Recently we discussed the principle of materiality in the context of Valeant Pharmaceuticals and its Variable Interest Entity (VIE), Philidor. In that post we examined two key concepts in assessing materiality, namely quantitative and qualitative. It is possible for something to be quantitatively immaterial, but material from a qualitative perspective. In this post we will discuss some materiality considerations as they pertain to cybersecurity incidents and disclosures.
Occasionally a cybersecurity incident occurs and its effects are immediately evident. The incidents are so large and impactful that disclosure is unavoidable. Some recent examples include Anthem, JPMorgan Chase, Home Depot, and, notably, Sony and Target.
Target, for example, recently settled litigation with MasterCard stemming from the retailer’s 2013 cyber incident for $39 million, which is in addition to the $67 million settlement previously reached with Visa. The amounts may be viewed as being immaterial to the financial statements taken as a whole (3% of 2015 pre-tax income), but the press coverage, litigation, and investor relations suggest that no one considered the breach to be “no big deal”.
But not all cybersecurity incidents are as easy to evaluate. In the case of Home Depot, a significant breach was first discovered on September 2, 2014, and just a few days later the company filed an 8-K – signaling a material event occurred – disclosing details of the incident and the company’s response.
In its most recent 10-Q, Home Depot used almost 30% of the footnotes to the financial statements to disclose the impacts of the incident. To date, “the Company has recorded $252 million of pretax gross expenses related to the Data Breach, partially offset by $100 million of expected insurance proceeds.” They also expect “to incur additional legal and other professional services expenses associated with the Data Breach in future periods.”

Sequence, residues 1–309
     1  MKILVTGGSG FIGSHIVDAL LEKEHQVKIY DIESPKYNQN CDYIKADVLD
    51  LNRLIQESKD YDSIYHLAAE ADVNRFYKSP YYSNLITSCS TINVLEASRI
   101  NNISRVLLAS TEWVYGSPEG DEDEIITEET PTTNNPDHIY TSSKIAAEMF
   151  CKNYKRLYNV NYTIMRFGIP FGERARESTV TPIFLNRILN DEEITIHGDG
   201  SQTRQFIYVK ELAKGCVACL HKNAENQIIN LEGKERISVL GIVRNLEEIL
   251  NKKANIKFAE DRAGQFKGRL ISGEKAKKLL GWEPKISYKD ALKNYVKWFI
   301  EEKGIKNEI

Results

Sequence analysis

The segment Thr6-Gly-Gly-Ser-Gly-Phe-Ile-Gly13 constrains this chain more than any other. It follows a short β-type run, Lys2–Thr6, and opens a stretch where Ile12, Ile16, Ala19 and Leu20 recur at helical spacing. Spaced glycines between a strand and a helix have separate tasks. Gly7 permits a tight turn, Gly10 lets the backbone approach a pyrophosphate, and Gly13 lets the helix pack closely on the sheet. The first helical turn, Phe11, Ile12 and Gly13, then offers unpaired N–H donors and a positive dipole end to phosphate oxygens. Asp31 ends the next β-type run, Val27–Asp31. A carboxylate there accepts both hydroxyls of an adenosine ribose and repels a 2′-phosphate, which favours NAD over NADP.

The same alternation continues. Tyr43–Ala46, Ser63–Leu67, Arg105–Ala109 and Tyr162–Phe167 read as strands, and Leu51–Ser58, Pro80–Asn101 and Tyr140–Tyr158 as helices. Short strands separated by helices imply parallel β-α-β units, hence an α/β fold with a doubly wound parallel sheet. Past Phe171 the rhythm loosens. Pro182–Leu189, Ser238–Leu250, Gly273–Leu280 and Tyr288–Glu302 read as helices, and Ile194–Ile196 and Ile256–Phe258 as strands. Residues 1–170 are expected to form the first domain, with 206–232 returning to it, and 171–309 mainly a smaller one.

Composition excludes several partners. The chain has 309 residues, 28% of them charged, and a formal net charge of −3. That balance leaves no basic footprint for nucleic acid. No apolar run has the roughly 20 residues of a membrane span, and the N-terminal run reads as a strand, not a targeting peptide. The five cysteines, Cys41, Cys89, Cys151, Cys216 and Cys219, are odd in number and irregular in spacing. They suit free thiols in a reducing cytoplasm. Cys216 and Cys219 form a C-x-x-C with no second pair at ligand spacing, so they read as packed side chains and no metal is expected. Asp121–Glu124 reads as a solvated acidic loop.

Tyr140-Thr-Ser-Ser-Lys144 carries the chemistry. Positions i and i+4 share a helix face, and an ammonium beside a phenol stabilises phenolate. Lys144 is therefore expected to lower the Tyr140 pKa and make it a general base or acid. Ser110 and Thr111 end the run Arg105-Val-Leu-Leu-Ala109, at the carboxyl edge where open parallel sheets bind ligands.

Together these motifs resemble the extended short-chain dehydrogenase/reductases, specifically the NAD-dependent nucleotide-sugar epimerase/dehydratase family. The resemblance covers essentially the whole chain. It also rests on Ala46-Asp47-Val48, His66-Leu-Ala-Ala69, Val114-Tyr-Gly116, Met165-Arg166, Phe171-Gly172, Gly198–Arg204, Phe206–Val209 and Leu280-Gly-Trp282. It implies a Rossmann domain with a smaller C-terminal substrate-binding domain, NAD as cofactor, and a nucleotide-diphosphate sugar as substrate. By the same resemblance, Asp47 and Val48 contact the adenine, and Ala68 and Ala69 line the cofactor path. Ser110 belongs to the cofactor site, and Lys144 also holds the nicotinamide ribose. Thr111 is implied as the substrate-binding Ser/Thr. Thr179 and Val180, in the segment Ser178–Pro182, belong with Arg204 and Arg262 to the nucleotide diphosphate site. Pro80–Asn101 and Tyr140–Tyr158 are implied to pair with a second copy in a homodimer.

But even in this case, the Home Depot breach appears to be quantitatively immaterial. The pretax net expense relating to the incident was $119 million for the first 3 quarters of 2015, less than 1% of earnings before taxes. Nevertheless, the breach does appear to be material from a qualitative perspective.
Home Depot disclosed processing over a billion credit and debit transactions in the first 9 months of 2014. The cyber incident affected 56 million cards, or slightly over 5% of the total transactions for the first 9 months of 2014. Assuming that some of those credit cards were used for multiple transactions, some transactions were not credit card related, and adding in the fact that the breach only occurred during 5 of the 9 months, the incident no doubt affected a material number of credit/debit card transactions. Further, there are serious implications for the company that are not directly financial, such as reputation damage and the loss of consumer confidence.
Let’s analyze the disclosures of two companies facing similar situations. In March 2014, Smucker’s experienced a cyber incident in which 23 thousand customers had financial information stolen. The breach is not disclosed in the company’s 2014 10-K and Annual Report. Cybersecurity is addressed in a general way in the Risk Factors section, but there is no mention of an actual breach.
Sally Beauty also experienced a cyber incident in March 2014, in which the financial information of 25 thousand customers was affected. In contrast to Smuckers, however, Sally Beauty did disclose the incident in both an 8-K and a 10-Q.
So what was the difference between these two breaches? One difference could be the size of the companies.